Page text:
The impact of cloud computing on the IT department and its leadership is the subject of constant debate within the industry. Less often discussed is the impact of cloud on the economy as a whole.
Storage infrastructure giant EMC recently commissioned the Centre for Economics and Business Research (CEBR), a research organisation founded by IBM’s former chief economist, to examine the macroeconomic impact of cloud adoption.
CEBR’s findings were markedly positive. By evaluating what it considered to be cloud computing’s benefits to an individual business – both to its operational efficiency and its ability to scale – and extrapolating that using predicted adoption rates, CEBR forecast that cloud computing will provide €736 billion of cumulative benefits to Europe’s five largest economies between 2010 and 2015.
By making businesses in the region more efficient and more adept at scaling to meet economic opportunities, cloud computing will create 2.3 million net new jobs during that period, CEBR predicted.
These are impressive statistics, but there are a number of assumptions within the report that might sound like grim news for IT professionals. For example, the assumed benefits of cloud computing for organisations include “reduced IT headcount”.
There are a few qualifiers to this assertion, however. One is the often used (but not always convincing) argument that systems administrators who find that their jobs have been automated will be redeployed to focus on “innovation”.
CEBR’s argument, meanwhile, is that cloud computing will create such economic growth that the net impact of jobs of all varieties will necessarily be positive. “You’re getting economic expansion, so people will be required somewhere,” says Oliver Hogan, an economist from the organisation.
“From a macroeconomic perspective, if there are job losses in IT departments it improves the profitability of companies, which creates benefits throughout the economy,” he adds.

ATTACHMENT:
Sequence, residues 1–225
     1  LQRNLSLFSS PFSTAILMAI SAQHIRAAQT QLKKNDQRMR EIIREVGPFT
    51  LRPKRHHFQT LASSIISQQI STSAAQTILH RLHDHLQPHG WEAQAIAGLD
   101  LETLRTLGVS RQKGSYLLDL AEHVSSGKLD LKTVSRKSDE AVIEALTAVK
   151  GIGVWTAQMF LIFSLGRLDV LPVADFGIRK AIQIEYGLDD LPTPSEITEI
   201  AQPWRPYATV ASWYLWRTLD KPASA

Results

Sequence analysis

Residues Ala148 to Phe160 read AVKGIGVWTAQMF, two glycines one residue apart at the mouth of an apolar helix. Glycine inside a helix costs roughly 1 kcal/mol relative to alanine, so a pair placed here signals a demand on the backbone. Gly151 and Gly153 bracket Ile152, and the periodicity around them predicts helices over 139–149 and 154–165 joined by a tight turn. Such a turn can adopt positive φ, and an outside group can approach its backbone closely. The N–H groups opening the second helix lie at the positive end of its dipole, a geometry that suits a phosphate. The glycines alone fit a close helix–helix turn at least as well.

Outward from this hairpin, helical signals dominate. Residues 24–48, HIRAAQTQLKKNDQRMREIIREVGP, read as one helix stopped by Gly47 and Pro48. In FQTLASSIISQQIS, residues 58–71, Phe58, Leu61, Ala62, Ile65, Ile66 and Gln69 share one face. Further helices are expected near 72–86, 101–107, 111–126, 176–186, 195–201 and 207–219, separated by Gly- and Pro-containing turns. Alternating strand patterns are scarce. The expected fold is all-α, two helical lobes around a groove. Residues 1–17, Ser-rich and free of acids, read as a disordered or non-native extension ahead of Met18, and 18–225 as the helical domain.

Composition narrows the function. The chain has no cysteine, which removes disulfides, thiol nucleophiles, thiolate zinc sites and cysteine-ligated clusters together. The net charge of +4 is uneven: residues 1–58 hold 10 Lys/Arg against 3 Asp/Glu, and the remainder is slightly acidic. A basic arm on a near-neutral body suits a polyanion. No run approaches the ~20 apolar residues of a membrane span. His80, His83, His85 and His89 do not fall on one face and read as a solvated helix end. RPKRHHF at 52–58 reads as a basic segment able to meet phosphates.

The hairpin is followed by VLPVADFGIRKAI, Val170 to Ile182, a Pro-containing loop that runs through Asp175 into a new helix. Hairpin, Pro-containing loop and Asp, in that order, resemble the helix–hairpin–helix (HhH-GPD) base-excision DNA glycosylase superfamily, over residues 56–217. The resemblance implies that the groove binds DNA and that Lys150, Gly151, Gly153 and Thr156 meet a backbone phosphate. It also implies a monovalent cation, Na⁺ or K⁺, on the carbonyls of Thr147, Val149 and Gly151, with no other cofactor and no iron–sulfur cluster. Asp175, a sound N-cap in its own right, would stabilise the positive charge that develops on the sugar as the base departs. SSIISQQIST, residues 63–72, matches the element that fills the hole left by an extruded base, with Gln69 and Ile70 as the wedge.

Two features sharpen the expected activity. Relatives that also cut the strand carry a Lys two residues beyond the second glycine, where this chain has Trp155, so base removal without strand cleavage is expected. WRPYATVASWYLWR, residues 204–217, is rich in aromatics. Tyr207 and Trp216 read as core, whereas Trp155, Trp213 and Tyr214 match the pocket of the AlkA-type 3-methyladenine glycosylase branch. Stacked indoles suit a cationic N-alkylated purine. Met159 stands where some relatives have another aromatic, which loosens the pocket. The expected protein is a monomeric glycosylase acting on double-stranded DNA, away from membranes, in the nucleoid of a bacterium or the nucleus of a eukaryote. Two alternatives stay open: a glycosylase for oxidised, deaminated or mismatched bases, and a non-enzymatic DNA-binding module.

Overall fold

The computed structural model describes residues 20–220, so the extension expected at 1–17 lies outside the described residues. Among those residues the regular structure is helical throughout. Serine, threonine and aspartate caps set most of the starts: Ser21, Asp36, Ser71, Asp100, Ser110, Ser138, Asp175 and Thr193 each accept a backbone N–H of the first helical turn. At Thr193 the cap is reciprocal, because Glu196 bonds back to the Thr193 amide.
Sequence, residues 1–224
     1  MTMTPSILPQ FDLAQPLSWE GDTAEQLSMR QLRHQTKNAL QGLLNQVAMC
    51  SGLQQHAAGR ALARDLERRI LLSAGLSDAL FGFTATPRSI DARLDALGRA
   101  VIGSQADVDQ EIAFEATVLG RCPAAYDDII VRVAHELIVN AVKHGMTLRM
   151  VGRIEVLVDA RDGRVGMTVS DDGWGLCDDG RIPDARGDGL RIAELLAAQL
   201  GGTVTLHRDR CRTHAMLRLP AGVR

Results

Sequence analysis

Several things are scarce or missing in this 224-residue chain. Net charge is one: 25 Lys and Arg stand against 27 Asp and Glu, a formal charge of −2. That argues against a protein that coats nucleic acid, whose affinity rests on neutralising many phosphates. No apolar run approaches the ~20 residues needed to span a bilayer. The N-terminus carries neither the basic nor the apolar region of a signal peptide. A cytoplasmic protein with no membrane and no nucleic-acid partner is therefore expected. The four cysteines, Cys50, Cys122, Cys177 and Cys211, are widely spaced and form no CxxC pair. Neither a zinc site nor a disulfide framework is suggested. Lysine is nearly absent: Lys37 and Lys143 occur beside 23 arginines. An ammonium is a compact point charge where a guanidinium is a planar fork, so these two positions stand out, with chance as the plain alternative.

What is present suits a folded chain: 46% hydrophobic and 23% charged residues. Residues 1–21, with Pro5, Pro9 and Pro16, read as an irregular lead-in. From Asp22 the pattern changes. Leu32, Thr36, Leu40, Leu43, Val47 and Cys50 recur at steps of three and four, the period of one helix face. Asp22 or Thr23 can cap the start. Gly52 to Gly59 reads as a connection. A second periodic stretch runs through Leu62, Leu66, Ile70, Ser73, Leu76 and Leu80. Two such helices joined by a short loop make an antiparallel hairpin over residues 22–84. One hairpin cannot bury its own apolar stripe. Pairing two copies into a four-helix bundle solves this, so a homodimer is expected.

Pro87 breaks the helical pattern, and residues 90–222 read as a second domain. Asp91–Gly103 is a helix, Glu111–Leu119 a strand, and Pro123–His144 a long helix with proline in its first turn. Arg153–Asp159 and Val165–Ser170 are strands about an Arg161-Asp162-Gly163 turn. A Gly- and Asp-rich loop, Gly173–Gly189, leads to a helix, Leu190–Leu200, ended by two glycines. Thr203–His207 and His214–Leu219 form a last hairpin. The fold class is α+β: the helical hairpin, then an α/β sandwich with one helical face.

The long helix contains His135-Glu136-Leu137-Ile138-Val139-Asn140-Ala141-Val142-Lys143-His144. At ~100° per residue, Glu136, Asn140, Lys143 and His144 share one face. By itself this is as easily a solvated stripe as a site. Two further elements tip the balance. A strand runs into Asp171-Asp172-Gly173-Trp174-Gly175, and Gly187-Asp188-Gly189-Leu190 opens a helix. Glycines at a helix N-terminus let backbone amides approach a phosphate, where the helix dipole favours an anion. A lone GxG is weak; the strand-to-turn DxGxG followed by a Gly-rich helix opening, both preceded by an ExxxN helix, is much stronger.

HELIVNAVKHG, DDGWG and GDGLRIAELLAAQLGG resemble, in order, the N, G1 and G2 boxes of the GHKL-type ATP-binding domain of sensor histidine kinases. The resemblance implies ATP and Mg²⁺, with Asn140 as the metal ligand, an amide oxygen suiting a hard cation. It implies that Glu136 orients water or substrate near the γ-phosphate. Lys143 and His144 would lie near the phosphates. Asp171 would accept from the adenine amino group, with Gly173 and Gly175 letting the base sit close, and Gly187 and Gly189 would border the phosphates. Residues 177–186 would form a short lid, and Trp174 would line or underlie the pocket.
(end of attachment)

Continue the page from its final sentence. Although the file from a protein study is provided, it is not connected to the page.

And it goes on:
A more positive argument from an IT professional’s perspective comes not from the CEBR / EMC report, but from Simon Wardley, a researcher at IT services company CSC’s Leading Edge Forum.
Wardley invokes something known as the Jevons Paradox. William Stanley Jevons was a 19th century economist who noticed that as the efficiency of coal-burning systems improved, the consumption of coal increased. “It is a confusion of ideas to suppose that the economical use of fuel is equivalent to diminished consumption,” Jevons wrote. “The very contrary is the truth."
The same goes for IT resources, Wardley argues. “Automation [through cloud computing] will reduce the number of sysadmins required if your activities stay the same, but your activities won’t stay the same,” he says. “Instead, you are likely to end up consuming such a vastly greater level of compute resources that you’ll need extensive automation just so your current sysadmins can manage it.”
The idea that cloud computing will reduce IT spending is, Wardley argues, “a misconception”.
This argument directly contradicts CEBR’s prediction that cloud will save European businesses €144 billion in IT spend over the next five years, across both capital and operational expenditure, even after the increased spending on cloud computing is taken into account.
But it does not contradict what CEBR believes to be the principle benefits of cloud computing – driving growth through improved business development and business creation. Together, CEBR says, these will contribute €342 billion to the combined economy of the five countries by 2015.